Editor's note: This is the fourth story in a series of articles chronicling the growth of Guam rugby, and how the sport has received international acclaim, in part, due to Mount Saint Mary's University head coach Farrah Douglas and former Team Guam player and coach Peter Baggetta. With 12 Guamanian student-athletes playing NCAA D1 rugby, the sport has emerged as an avenue to higher education, and an opportunity to play at the next level. In this series, The Guam Daily Post will look at the past, present and future of Guam rugby, and will feature the island's athletes who are making names for themselves in collegiate rugby. This article takes a look at a valuable resource and consultancy firm that specializes getting high-schoolers into college.
With 12 players competing in NCAA Division I rugby, Guamanians are putting the island on the map at college’s highest level.
But, how did this happen? And, how can more of Guam’s student-athletes take their game to the next level, and even get the their education paid for?
With tremendous commitment and dedication from the student-athlete, the answer is simple. Get good grades, excel athletically, and opportunities can present themselves.
“The No. 1 way” to “get the best package possible is by doing well in school,” said Karen Fong Donoghue, owner and founder of The Rugger’s Edge, a Denver, Colo-based consulting firm specializing in getting high school rugby players into college.
While there is no such thing as a full-ride rugby scholarship, a combination of athletic, merit, and other financial aid incentives available can make getting into one of the 961 different stateside varsity, varsity club, and club programs attainable. By stacking scholarships and financial aid packages, depending on the program, costs can be greatly reduced, or even eliminated.
But with so many options and very few colleges looking at Guam’s athletes, choosing the right college can be daunting.
For 11 years, Fong Donoghue has made it her mission to help aspiring and talented high school rugby players get into the college of their dreams.
As a former USA All-American rugby player, former USA Rugby D1 competitor, World Rugby Educator and Trainer, and a master’s degree in counseling with a credential in high school guidance, Fong Donoghue’s more than 20 years or experience is a valuable asset for any rugby player and their family.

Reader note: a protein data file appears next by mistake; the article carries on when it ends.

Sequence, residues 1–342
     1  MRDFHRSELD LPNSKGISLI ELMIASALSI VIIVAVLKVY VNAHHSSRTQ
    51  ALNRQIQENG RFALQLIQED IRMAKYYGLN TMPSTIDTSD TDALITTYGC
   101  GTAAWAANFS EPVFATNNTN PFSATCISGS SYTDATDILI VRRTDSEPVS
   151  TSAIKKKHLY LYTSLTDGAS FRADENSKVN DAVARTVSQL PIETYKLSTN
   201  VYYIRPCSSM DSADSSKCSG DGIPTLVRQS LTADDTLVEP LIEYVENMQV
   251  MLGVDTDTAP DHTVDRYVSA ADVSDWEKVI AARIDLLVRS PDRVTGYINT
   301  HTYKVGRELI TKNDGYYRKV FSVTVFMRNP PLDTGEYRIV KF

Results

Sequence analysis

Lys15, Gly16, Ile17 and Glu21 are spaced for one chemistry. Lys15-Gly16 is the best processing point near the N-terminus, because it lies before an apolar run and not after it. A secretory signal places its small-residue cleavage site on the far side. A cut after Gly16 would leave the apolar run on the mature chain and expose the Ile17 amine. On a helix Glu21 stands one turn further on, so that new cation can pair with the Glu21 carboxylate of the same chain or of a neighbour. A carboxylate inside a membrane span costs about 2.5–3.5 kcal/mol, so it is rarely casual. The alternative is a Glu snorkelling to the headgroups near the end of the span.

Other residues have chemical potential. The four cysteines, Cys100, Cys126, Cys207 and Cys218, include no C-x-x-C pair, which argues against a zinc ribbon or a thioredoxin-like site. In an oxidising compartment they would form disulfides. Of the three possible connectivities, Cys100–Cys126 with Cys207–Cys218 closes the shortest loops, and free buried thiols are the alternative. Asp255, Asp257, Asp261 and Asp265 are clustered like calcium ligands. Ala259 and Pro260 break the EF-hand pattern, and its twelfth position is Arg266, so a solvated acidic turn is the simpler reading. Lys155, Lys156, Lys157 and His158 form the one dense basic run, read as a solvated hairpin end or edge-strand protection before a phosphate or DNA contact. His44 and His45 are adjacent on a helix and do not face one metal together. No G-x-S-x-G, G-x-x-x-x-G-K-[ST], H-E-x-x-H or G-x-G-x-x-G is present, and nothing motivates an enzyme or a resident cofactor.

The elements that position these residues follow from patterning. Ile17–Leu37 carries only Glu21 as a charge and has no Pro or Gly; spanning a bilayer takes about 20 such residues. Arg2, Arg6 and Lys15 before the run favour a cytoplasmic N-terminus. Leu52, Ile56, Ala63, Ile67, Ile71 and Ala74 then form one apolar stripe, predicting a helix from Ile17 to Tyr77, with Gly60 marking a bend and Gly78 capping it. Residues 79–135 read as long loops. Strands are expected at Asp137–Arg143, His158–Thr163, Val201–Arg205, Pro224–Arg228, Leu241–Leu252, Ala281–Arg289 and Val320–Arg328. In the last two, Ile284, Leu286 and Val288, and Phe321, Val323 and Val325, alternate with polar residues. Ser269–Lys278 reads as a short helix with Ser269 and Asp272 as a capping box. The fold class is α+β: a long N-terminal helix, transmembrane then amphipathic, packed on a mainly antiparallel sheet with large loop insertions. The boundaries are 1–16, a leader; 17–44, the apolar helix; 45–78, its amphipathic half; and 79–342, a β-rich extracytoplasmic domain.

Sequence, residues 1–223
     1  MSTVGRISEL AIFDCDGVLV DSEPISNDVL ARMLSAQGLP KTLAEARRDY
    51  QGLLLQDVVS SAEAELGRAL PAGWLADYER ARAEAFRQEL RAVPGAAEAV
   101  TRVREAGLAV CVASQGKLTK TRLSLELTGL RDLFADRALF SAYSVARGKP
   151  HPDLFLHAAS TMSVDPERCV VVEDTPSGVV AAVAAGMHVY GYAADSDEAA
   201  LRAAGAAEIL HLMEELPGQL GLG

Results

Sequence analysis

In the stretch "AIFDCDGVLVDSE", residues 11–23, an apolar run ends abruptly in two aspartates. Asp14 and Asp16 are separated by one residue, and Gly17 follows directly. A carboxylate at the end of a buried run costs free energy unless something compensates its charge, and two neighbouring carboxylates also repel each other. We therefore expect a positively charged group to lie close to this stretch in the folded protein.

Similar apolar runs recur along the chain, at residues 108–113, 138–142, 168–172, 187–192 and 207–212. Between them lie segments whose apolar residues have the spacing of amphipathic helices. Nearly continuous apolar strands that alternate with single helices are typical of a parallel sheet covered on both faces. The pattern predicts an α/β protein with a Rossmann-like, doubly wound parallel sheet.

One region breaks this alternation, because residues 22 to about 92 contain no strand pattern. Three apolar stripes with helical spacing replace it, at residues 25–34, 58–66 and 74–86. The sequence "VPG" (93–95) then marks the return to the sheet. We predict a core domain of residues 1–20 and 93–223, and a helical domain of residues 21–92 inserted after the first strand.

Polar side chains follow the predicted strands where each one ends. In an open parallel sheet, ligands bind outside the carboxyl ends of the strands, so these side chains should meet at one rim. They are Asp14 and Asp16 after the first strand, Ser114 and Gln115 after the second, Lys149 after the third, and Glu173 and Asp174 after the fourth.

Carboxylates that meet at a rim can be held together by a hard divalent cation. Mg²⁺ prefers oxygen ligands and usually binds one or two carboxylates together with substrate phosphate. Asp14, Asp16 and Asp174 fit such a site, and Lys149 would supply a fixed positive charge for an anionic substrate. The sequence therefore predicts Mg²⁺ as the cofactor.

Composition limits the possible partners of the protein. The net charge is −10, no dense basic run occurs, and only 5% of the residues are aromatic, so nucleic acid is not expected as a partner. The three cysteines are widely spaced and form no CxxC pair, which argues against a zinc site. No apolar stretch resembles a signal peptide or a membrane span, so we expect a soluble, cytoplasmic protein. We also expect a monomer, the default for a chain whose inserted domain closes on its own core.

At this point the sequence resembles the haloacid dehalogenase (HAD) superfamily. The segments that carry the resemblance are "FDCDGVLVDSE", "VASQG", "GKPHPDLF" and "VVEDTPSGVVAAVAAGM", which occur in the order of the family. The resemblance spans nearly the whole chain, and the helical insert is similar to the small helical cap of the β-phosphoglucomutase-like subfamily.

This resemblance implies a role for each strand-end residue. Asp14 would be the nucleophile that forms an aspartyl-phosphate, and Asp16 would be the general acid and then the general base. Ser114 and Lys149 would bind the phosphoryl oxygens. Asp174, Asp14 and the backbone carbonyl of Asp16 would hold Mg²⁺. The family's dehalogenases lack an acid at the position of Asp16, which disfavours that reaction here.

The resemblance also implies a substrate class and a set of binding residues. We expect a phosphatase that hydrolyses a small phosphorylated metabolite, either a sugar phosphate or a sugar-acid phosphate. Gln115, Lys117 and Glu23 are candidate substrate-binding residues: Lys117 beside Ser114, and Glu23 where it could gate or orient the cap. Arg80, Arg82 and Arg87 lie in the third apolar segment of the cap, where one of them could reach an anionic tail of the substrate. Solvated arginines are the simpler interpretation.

While her services aren’t free, Fong Donoghue offers a free 30-minute consultation to learn about the student-athlete’s desires, capabilities, and to see if they are the right fit.
If cost is an issue, her book, the 6th edition of “College Playbook: An In-Depth Guide to College Admission and Rugby Recruiting” can be downloaded for $19.99.
“A lot of the process can be done without my help,” she said. “I’m not someone who says, ‘I’ve got the keys to the whole thing.’”
“Some families like a lot of support and want help through the process,” she added. “I think that it’s perfectly fine to buy a guidebook and follow the steps.”
Academics come first
Len Calvo, whose son, Matias Calvo, plays on the Dartmouth College men’s rugby team, said that Fong Donoghue is a wealth of information and worth the investment.
During the consultation, the first thing Fong Donoghue looks for is academic achievement.
“When a rugby student-athlete comes to me, the first think we are talking about is academics,” she said. “Actually, we don’t even talk about rugby for 90% of the conversation. We’re talking about academic profiles.”
Grades, test scores, activities, leadership, and character are what I am trying to assess, she said.
“If the foundation isn’t solid, I tell lots of families, ‘don’t waste your time with me,’” she added.